Shepard Mallory, a runaway slave, is played here by Maurice Jones who is so perfect in the part that his unaccented character, already as northern as he is black, grabs us from his first spoken lines. Strand has created a giant of a character, a man so convinced of his right to be who he is that when he refuses the gift of freedom it seems to be the right choice. Then we learn that it was the right choice. Jones allows us to laugh at Mallory, to sympathize and empathize with him, to root for him when there’s nothing to root for and to feel an uncharacteristic longing to experience with Mallory what the slave is going through. It’s a remarkable set of choices this actor had made along with his director. An almost symbolic character is presented with levels unseen, unheard, but felt and noted. I don’t remember another actor creating a persona with so much depth in him. What I won’t forget about this performance is his face in the final moments of the play as he turns upstage to see the future laid out before him.

John Hickok, David Schramm. Photo: Kevin Sprague

John Hickok, David Schramm. Photo: Kevin Sprague

Holding everything together is the masterful performance of David Schramm as Butler. Have I mentioned that this is a comedy? The comic timing this actor brings to the role is unreal. Simple lines are funny when he says them. Complicated expressions of anger, hostility and admiration come across with equal parts comedy and drama. Watching him, hearing the gears go round in his brain, seeing his eyes dart and darken, finding his breathing patterns echoing his sentiments, all of this while expounding on law and political devotions is taking a pathway through dense trees by following the light patterns on the floor of the forest. Schramm is a marvel. His rhythms control the other players. His peregrinations around the stage are the most generous movements in the play which mostly keeps characters on spot. In his hands Ben Butler is a marvel. In reality the General’s decisions helped to alter the course of the war, its purpose changed to something that the North had not originally intended. On stage we never reach that point, but we are left knowing that Butler’s decisions were humane and right. Schramm gives us both to think about.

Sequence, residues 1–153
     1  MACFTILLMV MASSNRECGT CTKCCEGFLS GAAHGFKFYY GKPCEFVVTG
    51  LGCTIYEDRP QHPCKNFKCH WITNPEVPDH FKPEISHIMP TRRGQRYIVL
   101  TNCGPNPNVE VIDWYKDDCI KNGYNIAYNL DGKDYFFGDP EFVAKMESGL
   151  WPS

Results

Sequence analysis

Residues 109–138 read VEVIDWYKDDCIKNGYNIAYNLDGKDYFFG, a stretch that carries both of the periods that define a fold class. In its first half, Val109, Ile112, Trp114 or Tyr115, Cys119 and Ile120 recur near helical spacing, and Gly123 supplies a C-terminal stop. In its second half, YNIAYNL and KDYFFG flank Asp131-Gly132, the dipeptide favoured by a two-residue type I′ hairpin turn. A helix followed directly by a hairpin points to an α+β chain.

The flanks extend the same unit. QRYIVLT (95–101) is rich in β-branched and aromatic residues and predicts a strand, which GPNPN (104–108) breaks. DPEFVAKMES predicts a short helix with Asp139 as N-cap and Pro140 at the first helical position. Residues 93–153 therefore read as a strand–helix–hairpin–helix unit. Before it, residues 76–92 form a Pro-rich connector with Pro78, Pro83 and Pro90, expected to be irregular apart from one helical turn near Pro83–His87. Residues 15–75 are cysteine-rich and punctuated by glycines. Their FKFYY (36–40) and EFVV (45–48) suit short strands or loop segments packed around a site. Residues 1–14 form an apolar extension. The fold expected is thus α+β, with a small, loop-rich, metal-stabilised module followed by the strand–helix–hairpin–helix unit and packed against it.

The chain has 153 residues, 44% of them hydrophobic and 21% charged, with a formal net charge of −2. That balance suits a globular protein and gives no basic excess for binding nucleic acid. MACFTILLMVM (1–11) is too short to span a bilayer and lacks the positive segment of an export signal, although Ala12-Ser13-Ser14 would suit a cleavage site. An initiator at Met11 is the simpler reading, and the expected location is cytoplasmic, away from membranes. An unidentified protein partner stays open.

Brian Prather’s set is perfect for the play as are Jennifer Caprio’s costumes. The lighting designed by Matthew Adelson feels the way light in a room should feel in 1861. Patrick Calhoun’s sound design work was spot on as was Ryan Winkles’ fight choreography. Joseph Discher’s directon of this play seems to have been oriented toward character and relationship and not on unnecessary physical activity and so the dialogue takes first place and the individual character development allows the comedy in the humanity to emerge.

Imagine, as I said, a comedy about slavery at the beginning of the Civil War. Imagine yourself enjoying it. You can. You should. You must

Butler plays through June 13 on the St. Germain Stage at Barrington Stage Company’s Sydelle and Lee Blatt Performing Art Center, located at 36 Linden Street, Pittsfield, MA. For information and tickets, go to The Berkshire Edge calendar (click here), call the box office at 413-236-8888 or go on line to Barrington Stage: www.barringtonstage.org.